Subscribe to RSS
Economic Impact of Diagnostic Imaging in the Workup of Uncomplicated Bell's Palsy
Objective Our primary objective is to identify the costs associated with imaging in the diagnostic workup of uncomplicated Bell's palsy. Our secondary objective is to identify a dollar amount spent on extraneous diagnostic testing on a state and national level.
Design and Setting Retrospective chart analysis was performed at our tertiary care medical center between 2007 and 2018. International Statistical Classification of Diseases-10 code G51.0 was used to identify patients with Bell's palsy seen by the senior author. A total of 163 patients were divided into two groups: those having received imaging and those diagnosed without imaging. The imaging group was then further subdivided by imaging modality: computed tomography (CT) only, magnetic resonance imaging (MRI) only, or both. There was a total of 138 scans in 115 patients. To quantify the amount spent by insurance companies or patients on these scans, net expected pay (NEP) for each modality was used as a representation of cost. The NEP for a CT was $618. The NEP for an MRI was $1,119. The NEP for both scans was $1,737. We extrapolated our results to a state and national level.
Main Outcome Measurements Cost of workup; state and national economic burden.
Results Extrapolating our data, we forecast that in Illinois and in the United States, over $2 million and $53 million, respectively, are spent on unnecessary imaging.
Conclusion By highlighting an unnecessary financial burden, our study provides concrete evidence to support the American Academy of Otolaryngology's recommendation that clinicians should not perform routine imaging studies when diagnosing uncomplicated Bell's palsy.
KeywordsBell's palsy - facial paralysis - emergency medicine - computerized tomography - magnetic resonance imaging - cost data - neurology - urgent care - otolaryngology
Received: 15 May 2020
Accepted: 12 October 2020
Article published online:
21 January 2021
© 2021. Thieme. All rights reserved.
Georg Thieme Verlag KG
Rüdigerstraße 14, 70469 Stuttgart, Germany
- 1 Peitersen E. Bell's palsy: the spontaneous course of 2,500 peripheral facial nerve palsies of different etiologies. Acta Otolaryngol Suppl 2002; 122 (549) 4-30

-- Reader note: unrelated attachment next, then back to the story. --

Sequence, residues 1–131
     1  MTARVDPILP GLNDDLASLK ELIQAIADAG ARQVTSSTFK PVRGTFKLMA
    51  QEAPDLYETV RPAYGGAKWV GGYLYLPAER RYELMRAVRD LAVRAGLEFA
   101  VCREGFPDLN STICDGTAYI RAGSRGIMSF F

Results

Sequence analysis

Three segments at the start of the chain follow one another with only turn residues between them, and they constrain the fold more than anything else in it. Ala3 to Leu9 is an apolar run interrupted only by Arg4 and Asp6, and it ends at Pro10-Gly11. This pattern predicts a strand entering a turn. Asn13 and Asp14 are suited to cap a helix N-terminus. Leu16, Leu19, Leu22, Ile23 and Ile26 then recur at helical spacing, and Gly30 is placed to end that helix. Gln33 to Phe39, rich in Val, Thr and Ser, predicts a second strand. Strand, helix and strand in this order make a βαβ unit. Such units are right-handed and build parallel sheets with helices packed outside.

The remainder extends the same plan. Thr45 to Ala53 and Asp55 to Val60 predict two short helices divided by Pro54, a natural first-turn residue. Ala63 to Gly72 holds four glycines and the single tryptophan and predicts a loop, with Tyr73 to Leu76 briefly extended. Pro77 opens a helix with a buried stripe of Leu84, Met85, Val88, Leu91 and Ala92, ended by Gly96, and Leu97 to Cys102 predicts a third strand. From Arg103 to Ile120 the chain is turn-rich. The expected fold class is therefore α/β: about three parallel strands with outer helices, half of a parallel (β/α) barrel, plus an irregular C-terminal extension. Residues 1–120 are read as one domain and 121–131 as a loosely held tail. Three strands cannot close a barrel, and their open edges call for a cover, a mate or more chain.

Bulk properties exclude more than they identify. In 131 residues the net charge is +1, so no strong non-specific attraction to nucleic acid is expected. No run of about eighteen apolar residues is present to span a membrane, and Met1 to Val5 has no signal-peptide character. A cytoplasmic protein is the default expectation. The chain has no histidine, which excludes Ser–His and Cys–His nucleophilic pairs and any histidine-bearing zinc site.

- 2 Peitersen E. The natural history of Bell's palsy. Am J Otol 1982; 4 (02) 107-111
- 3 Adour KK, Bell DN, Hilsinger Jr RL. Herpes simplex virus in idiopathic facial paralysis (Bell palsy). JAMA 1975; 233 (06) 527-530
- 4 Baugh RF, Basura GJ, Ishii LE. et al. Clinical practice guideline: Bell's Palsy executive summary. Otolaryngol Head Neck Surg 2013; 149 (05) 656-663
- 5 House JW, Brackmann DE. Facial nerve grading system. Otolaryngol Head Neck Surg 1985; 93 (02) 146-147
- 6 De Seta D, Mancini P, Minni A. et al. Bell's palsy: symptoms preceding and accompanying the facial paresis. ScientificWorldJournal 2014; 2014: 801971
- 7 Salinas RA, Alvarez G, Daly F, Ferreira J. Corticosteroids for Bell's palsy (idiopathic facial paralysis), In: The Cochrane Collaboration. ed. Cochrane Database of Systematic Reviews. Chichester, UK: John Wiley & Sons, Ltd; 2010. CD001942.pub4
- 8 Hauser WA, Karnes WE, Annis J, Kurland LT. Incidence and prognosis of Bell's palsy in the population of Rochester, Minnesota. Mayo Clin Proc 1971; 46 (04) 258-264
- 9 Fahimi J, Navi BB, Kamel H. Potential misdiagnoses of Bell's palsy in the emergency department. Ann Emerg Med 2014; 63 (04) 428-434
- 10 Veillona F, Ramos-Taboada L, Abu-Eid M, Charpiot A, Riehm S. Imaging of the facial nerve. Eur J Radiol 2010; 74 (02) 341-348
- 11 Burmeister HP, Baltzer PAT, Volk GF. et al. Evaluation of the early phase of Bell's palsy using 3 T MRI. Eur Arch Otorhinolaryngol 2011; 268 (10) 1493-1500
- 12 Sartoretti-Schefer S, Brändle P, Wichmann W, Valavanis A. Intensity of MR contrast enhancement does not correspond to clinical and electroneurographic findings in acute inflammatory facial nerve palsy. AJNR Am J Neuroradiol 1996; 17 (07) 1229-1236
- 13 Holland J, Bernstein J. Bell's palsy. BMJ Clin Evid. 2011: 2011
- 14 Agarwal R, Manandhar L, Saluja P, Grandhi B. Pontine stroke presenting as isolated facial nerve palsy mimicking Bell's palsy: a case report. J Med Case Reports 2011; 5: 287
- 15 Phan NT, Panizza B, Wallwork B. A general practice approach to Bell's palsy. Aust Fam Physician 2016; 45 (11) 794-797
- 16 Fuller G, Morgan C. Bell's palsy syndrome: mimics and chameleons. Pract Neurol 2016; 16 (06) 439-444
- 17 Mower S. Bell's palsy: excluding serious illness in urgent and emergency care settings. Emerg Nurse 2017; 25 (01) 32-39
- 18 Adour KK. Otological complications of herpes zoster. Ann Neurol 1994; 35 (Suppl): S62-S64
- 19 Sweeney CJ, Gilden DH. Ramsay Hunt syndrome. J Neurol Neurosurg Psychiatry 2001; 71 (02) 149-154
- 20 de Almeida JR, Guyatt GH, Sud S. et al; Bell Palsy Working Group, Canadian Society of Otolaryngology - Head and Neck Surgery and Canadian Neurological Sciences Federation. Management of Bell palsy: clinical practice guideline. CMAJ 2014; 186 (12) 917-922
- 21 Katusic SK, Beard CM, Wiederholt WC, Bergstralh EJ, Kurland LT. Incidence, clinical features, and prognosis in Bell's palsy, Rochester, Minnesota, 1968-1982. Ann Neurol 1986; 20 (05) 622-627